Please review the stickys at the top of the forum as well as the link above to get a general overview and then we can address any specific questions you may have.
and how long does it take?
Well...Just like anything else, It depends on how much you are making at once.

I am not sure exactly how to address this question because it's not a long complex physical process or anything. It's just mixing the components together.

When you review the soil sticky please take note of the pictures as I suspect your visual impression of 'bonsai soil' may resemble 'garden soil' or 'potting soil' and you will see that this is not what we refer to at all.

The suggested reading will hep you to understand the reasons for the differences.

ynot

Fluffy
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I bought more soil just to keep the roots well covered it is wrong type as ynot said but i cannot repot as it will die, so i am going to watch the bonsai very carefully.

I believe my tree to be a Ligustrum Sinensis as the leafs look very similar! When i find my camera will post the comparison.

ynot
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Fluffy wrote:I bought more soil just to keep the roots well covered it is wrong type as ynot said but I cannot repot as it will die, so I am going to watch the bonsai very carefully.
I might be missing something but judging from the pictures so far I cannot discern exactly what you were trying to fix.
Please explain the root issue you refer to in more detail.

I think it is entirely possible and likely that the addition of this inappropriate soil is only going to complicate matters further as opposed to helping you in any way.
I believe my tree to be a Ligustrum Sinensis as the leafs look very similar! When I find my camera will post the comparison.
Please do :)

ynot

Fluffy
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Well there are patches where the roots show through the soil i thought they needed to be covered?

Not to sure though still have to look for my camera.

ynot
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Fluffy wrote:Well there are patches where the roots show through the soil I thought they needed to be covered?
[Other than issue of changing the soil itself]...

I don't see any 'roots that need to be covered' in the picture in the original post in this thread, Is the problem you refer to visible in that picture?

Any thoughts on the soil issue after reading up a bit on it?

ynot

Fluffy
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I seem to find alot of people seem to use a 60-40 mix of a few things, that is what i found a few times.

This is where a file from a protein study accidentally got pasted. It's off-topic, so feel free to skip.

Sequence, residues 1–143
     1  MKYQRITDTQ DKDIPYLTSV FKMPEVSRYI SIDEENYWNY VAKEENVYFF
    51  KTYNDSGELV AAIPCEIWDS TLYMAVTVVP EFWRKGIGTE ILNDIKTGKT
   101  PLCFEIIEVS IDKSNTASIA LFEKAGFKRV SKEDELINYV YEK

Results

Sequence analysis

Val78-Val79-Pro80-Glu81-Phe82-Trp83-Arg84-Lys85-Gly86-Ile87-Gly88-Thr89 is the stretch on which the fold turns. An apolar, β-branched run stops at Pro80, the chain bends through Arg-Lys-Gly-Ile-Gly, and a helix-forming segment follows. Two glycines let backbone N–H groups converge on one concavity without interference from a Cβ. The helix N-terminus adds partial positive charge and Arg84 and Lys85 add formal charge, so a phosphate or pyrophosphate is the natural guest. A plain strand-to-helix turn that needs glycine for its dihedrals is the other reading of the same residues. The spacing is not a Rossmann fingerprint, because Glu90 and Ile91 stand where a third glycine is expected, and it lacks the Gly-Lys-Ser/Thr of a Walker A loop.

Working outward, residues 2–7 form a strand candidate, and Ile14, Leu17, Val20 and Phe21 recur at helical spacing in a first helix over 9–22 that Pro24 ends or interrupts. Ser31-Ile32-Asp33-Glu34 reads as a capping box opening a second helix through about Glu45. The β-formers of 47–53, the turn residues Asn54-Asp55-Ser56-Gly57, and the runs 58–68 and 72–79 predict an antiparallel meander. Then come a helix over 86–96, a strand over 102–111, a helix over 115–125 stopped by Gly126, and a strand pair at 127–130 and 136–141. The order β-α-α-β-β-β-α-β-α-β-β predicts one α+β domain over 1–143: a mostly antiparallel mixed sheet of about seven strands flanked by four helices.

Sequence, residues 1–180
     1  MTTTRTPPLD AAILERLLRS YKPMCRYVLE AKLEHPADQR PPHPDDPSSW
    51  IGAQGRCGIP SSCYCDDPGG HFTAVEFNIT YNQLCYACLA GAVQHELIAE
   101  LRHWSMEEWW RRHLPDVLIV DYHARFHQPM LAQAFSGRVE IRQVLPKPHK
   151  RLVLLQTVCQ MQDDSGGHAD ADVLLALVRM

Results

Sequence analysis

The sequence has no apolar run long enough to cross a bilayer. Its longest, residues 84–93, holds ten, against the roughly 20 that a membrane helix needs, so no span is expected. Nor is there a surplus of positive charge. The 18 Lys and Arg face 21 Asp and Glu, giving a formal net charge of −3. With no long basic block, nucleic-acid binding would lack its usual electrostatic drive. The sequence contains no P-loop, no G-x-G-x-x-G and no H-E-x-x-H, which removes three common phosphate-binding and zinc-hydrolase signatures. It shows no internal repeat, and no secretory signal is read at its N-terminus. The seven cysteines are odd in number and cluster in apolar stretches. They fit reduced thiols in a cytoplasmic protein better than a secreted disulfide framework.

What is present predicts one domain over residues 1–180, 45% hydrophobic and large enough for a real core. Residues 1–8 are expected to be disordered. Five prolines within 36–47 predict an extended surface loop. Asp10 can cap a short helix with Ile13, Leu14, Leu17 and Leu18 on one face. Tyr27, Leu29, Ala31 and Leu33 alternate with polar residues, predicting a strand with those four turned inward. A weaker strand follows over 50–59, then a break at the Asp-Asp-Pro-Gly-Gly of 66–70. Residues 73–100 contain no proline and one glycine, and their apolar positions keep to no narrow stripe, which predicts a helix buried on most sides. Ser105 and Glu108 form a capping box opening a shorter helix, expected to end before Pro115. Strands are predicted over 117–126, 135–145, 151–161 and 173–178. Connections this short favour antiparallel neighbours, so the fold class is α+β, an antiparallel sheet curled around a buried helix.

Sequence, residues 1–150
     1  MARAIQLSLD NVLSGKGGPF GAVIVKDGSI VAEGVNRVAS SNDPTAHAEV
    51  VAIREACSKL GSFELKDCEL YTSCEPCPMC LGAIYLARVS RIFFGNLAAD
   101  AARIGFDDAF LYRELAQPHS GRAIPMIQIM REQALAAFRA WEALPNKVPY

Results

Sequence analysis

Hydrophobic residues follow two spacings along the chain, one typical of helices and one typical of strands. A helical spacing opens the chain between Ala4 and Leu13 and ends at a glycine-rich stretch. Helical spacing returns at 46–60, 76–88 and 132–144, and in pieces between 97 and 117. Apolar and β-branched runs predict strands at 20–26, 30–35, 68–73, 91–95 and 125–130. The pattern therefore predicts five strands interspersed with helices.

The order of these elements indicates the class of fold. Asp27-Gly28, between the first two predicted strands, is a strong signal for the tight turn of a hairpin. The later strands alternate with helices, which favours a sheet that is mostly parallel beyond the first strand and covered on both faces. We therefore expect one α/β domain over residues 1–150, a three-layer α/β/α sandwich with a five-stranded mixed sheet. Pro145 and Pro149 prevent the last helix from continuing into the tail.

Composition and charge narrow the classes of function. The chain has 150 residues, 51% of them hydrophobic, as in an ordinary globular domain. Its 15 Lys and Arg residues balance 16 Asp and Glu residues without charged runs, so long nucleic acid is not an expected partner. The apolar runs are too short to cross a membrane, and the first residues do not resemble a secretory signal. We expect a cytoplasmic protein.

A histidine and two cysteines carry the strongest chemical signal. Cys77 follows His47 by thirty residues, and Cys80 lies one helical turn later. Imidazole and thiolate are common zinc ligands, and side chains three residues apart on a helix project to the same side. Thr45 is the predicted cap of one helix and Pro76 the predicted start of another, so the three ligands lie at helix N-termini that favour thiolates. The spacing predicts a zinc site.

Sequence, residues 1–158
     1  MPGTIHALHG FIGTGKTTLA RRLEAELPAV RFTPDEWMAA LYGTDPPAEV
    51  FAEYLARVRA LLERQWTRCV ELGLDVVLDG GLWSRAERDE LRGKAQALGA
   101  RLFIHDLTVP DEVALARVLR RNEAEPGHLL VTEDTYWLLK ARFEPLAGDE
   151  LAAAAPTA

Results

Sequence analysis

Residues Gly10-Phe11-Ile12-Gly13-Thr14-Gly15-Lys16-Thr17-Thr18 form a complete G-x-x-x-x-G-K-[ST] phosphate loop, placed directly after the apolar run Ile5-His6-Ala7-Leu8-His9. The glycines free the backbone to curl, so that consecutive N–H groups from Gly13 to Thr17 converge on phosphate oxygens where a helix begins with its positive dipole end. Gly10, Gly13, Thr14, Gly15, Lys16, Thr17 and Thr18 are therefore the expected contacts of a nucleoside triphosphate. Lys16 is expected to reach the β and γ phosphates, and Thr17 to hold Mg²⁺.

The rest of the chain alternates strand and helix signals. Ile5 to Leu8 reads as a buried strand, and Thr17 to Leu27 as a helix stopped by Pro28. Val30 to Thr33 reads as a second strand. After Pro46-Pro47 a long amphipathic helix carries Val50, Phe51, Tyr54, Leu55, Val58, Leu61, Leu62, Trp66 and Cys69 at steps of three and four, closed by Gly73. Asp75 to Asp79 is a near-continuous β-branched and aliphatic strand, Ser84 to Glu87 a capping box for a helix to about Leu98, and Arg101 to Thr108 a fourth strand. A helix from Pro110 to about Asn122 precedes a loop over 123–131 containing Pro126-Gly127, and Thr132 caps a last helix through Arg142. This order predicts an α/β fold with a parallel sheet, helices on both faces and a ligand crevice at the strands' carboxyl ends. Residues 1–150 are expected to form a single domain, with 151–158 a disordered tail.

Some of the soil pics you guys have posted show what appear to be bark and small stones, but on closer inpestion look like the japanese soil sometimes used.

Here is a better picture of one of my leaves and it is not the tree i thought it was.

[img]https://i2.photobucket.com/albums/y23/ep_fluffy/DSCF0636.jpg[/img]

Not the spikey like parts that come from the serated edges, diffinatly not and chinese elm, the leave are shiny and the vein of the leaf it curved and they are very shiny, hopefully this might one of you guys to possibly know what type it is.

I am greateful for you help.

ynot
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Fluffy wrote:I seem to find alot of people seem to use a 60-40 mix of a few things, that is what I found a few times.
Sorry? This ratio tells nothing of which is the organic or inorganic [the 60 or the 40? Some species are a bit picky about this due to the water retention properties of the organic components.] You will run across any number of ratios for soil as everyone has what works for them {as I mention in the soil sticky this is due to the number of variables in any set of circumstances. No one else has an environment just like you.}

Again, It is about how the soil functions as a whole - The components mix is just how you get something that works for your particular set. I myself have a fair portion of my trees in 100% inorganic but some are70/30 IO/O

There is a broad range of what is survivable but to get the best growth from your mix often takes some observation and tweaking.
Some of the soil pics you guys have posted show what appear to be bark and small stones, but on closer inpestion look like the japanese soil sometimes used.
That is essentially what the Japanese soil is [Some has no bark at all & It's fired clay though - Not small stones]... Both descriptions in the quote above [On either side of the comma] describe the same thing

This is exactly what I referred when I said: